Applicants interested in earning an A.A. in construction and cabinetmaking technology may benefit from Associate of Applied Science (A.A.S.) or Associate of Science (A.S.) degrees. These A.A. Programs may be referred to as construction and cabinetmaking technology or building construction technology.
A.A. Programs in Construction and Cabinetmaking Technology
Students enrolled in Associate degree programs in construction technology are usually trained to seek commercial and residential work. Coursework typically covers a wide array of subject areas in construction and cabinetmaking, such as the building of structures on the basis of design plans, estimating of costs, and creation of designs. Students are taught about constructing walls, cabinets, stairs, rafters, and floors. They can also expect to become adept in interior construction techniques, including installing drywall and finishing doors. Students are also typically taught about equipment use, building codes, and safety procedures.
Graduates of the program can expect to gain the technical knowledge and skills they would need in the construction and installation of cabinets, preparation of construction sites, following of all safety and other legal requirements, the proper use of tools and choosing of appropriate materials. Admission criteria typically require applicants to hold GED certificates or high school diplomas.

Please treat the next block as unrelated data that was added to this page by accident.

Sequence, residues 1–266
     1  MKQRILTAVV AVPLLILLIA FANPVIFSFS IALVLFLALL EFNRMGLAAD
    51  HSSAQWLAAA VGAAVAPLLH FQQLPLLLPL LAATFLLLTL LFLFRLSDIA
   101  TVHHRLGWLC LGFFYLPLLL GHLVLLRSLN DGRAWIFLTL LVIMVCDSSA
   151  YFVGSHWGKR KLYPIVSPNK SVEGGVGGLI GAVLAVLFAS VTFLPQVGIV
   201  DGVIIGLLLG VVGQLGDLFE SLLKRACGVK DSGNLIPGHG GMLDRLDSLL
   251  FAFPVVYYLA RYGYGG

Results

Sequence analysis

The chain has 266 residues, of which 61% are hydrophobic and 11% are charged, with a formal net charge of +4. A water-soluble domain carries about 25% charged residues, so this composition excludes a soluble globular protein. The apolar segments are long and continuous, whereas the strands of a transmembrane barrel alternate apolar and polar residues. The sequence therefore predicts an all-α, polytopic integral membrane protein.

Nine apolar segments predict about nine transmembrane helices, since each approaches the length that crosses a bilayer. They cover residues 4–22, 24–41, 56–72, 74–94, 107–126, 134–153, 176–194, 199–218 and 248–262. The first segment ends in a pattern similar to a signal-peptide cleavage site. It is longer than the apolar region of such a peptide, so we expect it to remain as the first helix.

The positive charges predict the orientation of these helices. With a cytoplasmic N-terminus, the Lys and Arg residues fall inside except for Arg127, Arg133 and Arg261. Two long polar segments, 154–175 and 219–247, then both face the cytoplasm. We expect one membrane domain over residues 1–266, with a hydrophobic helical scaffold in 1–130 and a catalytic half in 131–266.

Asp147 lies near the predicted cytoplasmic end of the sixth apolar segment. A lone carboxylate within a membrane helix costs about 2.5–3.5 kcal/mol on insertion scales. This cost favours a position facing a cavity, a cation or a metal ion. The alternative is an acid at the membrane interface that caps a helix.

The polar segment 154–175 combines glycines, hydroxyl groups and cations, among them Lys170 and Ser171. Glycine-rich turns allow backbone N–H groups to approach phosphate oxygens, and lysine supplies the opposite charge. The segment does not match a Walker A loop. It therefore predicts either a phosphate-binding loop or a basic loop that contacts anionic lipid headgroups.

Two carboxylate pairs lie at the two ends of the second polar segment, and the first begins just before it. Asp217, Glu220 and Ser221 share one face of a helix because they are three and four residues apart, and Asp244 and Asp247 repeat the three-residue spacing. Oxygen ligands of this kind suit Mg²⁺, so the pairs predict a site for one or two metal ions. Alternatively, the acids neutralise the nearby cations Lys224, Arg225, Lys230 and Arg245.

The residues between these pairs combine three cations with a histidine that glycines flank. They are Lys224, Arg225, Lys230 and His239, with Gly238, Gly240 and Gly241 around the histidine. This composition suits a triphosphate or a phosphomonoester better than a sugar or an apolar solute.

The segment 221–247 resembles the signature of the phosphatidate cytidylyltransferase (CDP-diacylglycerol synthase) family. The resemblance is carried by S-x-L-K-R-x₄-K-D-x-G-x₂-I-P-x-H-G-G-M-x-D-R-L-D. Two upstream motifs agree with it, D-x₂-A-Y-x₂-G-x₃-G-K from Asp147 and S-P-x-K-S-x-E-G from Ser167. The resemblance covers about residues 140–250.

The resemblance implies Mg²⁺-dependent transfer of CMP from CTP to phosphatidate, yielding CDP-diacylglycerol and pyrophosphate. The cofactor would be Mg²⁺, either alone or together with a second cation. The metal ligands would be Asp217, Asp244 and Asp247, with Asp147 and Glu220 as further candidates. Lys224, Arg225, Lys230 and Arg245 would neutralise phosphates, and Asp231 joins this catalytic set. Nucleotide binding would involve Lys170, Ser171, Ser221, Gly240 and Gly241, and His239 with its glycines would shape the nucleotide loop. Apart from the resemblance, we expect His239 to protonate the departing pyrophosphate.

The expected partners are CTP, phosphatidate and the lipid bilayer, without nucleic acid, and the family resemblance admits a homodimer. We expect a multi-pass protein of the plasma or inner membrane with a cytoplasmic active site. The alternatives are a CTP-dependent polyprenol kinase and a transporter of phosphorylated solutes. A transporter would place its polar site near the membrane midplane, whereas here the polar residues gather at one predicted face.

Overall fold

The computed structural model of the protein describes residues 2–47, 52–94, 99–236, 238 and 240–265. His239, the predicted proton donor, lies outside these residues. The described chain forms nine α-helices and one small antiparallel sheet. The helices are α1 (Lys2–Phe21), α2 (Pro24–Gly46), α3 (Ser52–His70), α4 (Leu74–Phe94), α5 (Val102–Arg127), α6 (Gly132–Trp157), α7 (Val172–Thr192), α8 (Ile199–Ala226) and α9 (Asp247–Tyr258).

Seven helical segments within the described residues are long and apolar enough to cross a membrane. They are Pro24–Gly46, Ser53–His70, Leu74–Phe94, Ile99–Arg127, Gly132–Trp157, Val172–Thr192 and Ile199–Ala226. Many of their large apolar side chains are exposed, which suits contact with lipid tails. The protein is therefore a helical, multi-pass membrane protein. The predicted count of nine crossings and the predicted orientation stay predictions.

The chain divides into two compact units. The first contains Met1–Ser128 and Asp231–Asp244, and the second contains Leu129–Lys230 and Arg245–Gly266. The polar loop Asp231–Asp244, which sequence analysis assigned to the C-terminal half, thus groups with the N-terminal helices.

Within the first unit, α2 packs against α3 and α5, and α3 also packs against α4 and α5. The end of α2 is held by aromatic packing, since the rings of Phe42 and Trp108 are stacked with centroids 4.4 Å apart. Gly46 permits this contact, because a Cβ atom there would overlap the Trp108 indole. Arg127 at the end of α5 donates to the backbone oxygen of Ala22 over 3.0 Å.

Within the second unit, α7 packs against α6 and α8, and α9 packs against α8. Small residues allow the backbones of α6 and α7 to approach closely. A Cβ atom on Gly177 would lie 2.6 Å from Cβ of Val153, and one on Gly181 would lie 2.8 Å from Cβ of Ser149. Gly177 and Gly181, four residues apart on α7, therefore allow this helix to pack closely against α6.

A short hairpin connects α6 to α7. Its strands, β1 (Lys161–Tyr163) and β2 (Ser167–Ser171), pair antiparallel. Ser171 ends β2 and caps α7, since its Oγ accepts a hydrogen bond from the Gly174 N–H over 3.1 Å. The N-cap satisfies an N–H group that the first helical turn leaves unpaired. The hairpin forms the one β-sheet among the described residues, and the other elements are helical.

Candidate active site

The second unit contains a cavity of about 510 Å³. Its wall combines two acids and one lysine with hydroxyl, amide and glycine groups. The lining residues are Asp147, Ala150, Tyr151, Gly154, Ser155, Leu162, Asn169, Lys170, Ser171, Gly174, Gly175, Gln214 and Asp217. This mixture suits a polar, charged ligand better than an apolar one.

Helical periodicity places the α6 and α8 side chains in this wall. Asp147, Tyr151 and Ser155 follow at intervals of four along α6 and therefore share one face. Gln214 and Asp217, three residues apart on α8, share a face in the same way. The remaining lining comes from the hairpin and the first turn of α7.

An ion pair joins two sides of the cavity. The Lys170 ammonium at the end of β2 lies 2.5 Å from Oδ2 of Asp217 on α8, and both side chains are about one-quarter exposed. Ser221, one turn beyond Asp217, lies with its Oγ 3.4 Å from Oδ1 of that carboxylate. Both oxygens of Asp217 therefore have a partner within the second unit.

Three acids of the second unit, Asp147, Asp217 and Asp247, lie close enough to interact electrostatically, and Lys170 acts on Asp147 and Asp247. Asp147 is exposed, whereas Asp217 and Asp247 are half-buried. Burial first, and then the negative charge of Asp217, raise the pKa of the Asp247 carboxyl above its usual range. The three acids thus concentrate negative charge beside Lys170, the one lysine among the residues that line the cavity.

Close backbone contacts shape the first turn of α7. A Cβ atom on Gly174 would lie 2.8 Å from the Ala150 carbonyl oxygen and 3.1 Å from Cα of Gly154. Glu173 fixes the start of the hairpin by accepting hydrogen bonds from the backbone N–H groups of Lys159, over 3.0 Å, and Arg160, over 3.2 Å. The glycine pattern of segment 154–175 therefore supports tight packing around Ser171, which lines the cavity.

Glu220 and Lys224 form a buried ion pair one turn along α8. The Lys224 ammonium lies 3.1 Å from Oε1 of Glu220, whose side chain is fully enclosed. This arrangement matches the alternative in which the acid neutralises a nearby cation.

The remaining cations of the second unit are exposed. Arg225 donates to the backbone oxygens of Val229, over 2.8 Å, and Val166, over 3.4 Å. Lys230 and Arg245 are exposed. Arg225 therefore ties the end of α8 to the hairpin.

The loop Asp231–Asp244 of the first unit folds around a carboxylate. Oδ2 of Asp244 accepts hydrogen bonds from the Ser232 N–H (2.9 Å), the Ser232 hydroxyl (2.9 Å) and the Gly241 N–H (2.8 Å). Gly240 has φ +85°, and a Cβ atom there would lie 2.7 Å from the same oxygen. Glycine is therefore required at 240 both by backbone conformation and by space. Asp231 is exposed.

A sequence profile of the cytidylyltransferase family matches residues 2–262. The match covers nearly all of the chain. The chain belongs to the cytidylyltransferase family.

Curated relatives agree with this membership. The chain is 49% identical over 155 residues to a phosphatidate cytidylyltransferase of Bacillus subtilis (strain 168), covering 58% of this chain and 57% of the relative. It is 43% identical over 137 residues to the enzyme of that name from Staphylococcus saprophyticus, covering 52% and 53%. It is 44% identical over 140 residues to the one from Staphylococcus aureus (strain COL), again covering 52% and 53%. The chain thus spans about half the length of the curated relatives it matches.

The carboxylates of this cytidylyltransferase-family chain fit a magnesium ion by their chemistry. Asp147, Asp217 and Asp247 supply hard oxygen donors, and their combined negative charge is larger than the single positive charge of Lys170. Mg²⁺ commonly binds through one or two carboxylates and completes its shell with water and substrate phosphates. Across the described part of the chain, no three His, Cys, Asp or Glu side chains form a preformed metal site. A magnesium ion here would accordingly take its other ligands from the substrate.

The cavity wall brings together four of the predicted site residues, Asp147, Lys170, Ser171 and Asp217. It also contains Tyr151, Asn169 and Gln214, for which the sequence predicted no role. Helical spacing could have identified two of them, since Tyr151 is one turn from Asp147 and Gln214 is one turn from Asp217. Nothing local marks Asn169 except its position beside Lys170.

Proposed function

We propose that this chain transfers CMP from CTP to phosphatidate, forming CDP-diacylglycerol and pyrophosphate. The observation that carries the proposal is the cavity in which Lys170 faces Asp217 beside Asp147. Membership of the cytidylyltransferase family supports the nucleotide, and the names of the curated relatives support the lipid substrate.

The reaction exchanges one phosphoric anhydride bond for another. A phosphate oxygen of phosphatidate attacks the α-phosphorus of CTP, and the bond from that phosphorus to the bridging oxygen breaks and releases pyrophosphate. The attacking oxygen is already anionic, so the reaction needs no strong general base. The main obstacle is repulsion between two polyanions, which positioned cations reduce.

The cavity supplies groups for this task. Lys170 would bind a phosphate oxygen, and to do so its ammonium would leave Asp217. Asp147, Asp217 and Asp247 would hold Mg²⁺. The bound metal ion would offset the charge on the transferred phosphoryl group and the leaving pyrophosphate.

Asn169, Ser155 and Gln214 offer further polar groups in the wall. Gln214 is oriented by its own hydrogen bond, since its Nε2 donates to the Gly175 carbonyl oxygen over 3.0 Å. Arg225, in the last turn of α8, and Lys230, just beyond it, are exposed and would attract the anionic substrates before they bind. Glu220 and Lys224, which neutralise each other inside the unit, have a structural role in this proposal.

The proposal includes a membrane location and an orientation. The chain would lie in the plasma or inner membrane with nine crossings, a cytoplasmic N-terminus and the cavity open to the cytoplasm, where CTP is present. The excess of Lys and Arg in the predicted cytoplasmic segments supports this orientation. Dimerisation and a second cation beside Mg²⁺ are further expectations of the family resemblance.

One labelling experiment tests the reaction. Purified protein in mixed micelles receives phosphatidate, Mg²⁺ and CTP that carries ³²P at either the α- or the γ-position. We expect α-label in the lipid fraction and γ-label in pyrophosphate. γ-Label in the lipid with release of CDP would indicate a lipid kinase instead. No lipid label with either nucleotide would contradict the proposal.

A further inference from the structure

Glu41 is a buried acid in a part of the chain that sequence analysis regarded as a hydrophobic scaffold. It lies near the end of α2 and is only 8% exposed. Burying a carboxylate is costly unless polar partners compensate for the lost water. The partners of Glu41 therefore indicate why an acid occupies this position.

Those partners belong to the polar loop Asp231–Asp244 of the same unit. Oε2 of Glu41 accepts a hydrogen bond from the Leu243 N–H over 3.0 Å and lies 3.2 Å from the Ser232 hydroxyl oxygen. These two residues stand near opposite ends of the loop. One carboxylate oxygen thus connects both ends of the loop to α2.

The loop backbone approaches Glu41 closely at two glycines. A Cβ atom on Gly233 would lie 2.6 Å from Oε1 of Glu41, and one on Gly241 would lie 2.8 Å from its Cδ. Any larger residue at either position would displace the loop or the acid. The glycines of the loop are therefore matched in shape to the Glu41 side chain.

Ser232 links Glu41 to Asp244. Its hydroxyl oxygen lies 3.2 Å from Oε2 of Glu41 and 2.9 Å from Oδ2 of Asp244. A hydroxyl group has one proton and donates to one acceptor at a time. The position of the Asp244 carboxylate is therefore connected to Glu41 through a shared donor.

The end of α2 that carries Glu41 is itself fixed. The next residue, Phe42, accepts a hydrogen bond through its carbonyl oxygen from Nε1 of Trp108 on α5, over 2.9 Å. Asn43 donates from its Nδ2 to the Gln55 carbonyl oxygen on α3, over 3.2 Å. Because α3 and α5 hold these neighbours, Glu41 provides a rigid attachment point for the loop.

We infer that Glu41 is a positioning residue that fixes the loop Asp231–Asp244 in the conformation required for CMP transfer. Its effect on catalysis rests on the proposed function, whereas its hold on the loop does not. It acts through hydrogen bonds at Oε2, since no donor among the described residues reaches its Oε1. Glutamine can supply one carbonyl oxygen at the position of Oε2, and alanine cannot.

Coursework, in many programs, in construction and cabinetmaking technology could require students to participate in externship programs that would allow them to garner real-world experience by working with experienced professionals in the industry. Classroom lectures have been devised to teach students about equipment use, construction concepts and technical building skills. Coursework may include subject areas such as:
•Construction materials and tools
Those who graduate from a program may choose to run their own business or seek entry-level jobs with construction firms. Students enrolled could opt for specialization in a certain aspect of the construction field, such as:
Continuing Education Choices
Some graduates may pursue continued education by transferring credits into a bachelor’s degree program in construction management or other related area. Completion of the bachelor’s degree program could help graduates pursue positions such as construction manager or construction supervisor. Graduates can also expand their knowledge of the construction field through apprenticeships.
- Automotive programs include Automotive Technology, Collision Repair and Refinishing, Diesel Technology, and Heavy Equipment.
- ASE-Certified Instructors with professional experience help students prepare for a career as an Auto Technician.
- Students get hands-on training, work under the hood, and learn how to diagnose and fix problems using the proper tools.
- Lincoln’s Career Services department can help connect graduating students to industry contacts.
- Flexible Scheduling
- Financial Aid